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I'm doing a signal processing to put data into my neural network.

I noticed a difference between MATLAB and Python spectrogram Value. I don't know why and ask questions.

This is MATLAB code

[y, Fs] = audioread('left (1).wav'); %1sec 16000 sample read

nwin  = 256; %16ms
novlp = 128; %8ms
nfft  = 256;

left = spectrogram(y, nwin, novlp, nfft, Fs, 'yaxis');

256-fft_point, 256 hamming window, 50% over lab, 16000 sampling rate

And This is Python code

import numpy as np
import soundfile as sf
from matplotlib import mlab

audio_sample, sampling_rate = sf.read("left (1).wav")

win = np.hamming(256)
Sxx, f, t = mlab.specgram(x=audio_sample, NFFT=256, Fs=sampling_rate, window=win, noverlap=128, mode='complex',
                          sides='default', detrend='none')

np.savetxt('C:/Users/HOME/Desktop/left_spec (1).txt', Sxx, delimiter=',')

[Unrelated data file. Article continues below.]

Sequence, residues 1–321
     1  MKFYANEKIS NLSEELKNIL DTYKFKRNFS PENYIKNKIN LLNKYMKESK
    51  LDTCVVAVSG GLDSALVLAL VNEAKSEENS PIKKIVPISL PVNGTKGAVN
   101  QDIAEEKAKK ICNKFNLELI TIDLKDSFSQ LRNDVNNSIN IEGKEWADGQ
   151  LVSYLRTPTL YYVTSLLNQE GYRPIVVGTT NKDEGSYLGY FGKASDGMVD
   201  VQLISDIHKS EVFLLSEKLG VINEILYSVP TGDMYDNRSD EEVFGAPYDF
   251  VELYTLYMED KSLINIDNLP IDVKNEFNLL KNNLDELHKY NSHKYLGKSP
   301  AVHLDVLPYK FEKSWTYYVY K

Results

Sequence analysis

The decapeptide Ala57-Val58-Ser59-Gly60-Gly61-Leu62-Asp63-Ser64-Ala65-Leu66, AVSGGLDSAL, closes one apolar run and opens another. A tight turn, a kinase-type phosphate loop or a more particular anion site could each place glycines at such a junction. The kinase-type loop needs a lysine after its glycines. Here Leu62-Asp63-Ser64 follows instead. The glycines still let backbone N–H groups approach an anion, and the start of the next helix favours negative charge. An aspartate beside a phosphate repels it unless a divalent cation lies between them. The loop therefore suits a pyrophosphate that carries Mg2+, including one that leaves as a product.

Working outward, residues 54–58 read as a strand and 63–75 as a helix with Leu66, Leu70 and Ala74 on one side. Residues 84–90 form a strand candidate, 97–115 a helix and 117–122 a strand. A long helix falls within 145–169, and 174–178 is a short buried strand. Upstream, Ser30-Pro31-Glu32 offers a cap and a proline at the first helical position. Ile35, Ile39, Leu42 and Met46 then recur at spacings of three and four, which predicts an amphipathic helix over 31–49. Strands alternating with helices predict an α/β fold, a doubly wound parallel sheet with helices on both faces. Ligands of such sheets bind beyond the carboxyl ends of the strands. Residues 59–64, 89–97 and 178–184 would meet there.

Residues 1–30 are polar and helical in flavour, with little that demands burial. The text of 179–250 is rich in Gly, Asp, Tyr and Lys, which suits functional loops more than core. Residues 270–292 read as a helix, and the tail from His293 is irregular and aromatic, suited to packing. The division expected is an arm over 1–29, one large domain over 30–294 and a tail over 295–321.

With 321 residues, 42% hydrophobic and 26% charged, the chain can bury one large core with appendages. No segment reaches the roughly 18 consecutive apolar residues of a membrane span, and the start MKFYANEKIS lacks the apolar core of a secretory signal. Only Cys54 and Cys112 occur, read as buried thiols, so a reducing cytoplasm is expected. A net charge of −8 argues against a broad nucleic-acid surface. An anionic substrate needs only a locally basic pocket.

It is also 256-fft_point, 256 hamming window, 50% over lab, 16000 sampling rate

However, the values are totally different as shown below.

enter image description here

In addition to the first four values, all values show different values.

When I read the wav file, the value seems to be the problem of the spectrogram function because both MATLAB and Python are the same.

I also changed the parameters of Python spectrogram function, tried post-processing such as Sxx = 10 * np.log10 (Sxx), and tried the spectrogram function of the scipy kit, but not all the same values as MATLAB.

Please help me, thank you for reading.

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  • $\begingroup$ have you compared the documentations in Matlab and from matplotlib? my guess is that they simply do different things. $\endgroup$ – Marcus Müller Mar 5 at 9:19
  • $\begingroup$ You might want to check what data types are used in the derivation of the spectrogram too. $\endgroup$ – A_A Mar 5 at 10:34
  • $\begingroup$ Have you tried dividing the two? It looks to me like there might just be a constant factor between them, due to the way normalization is done. $\endgroup$ – Florian Mar 5 at 12:51

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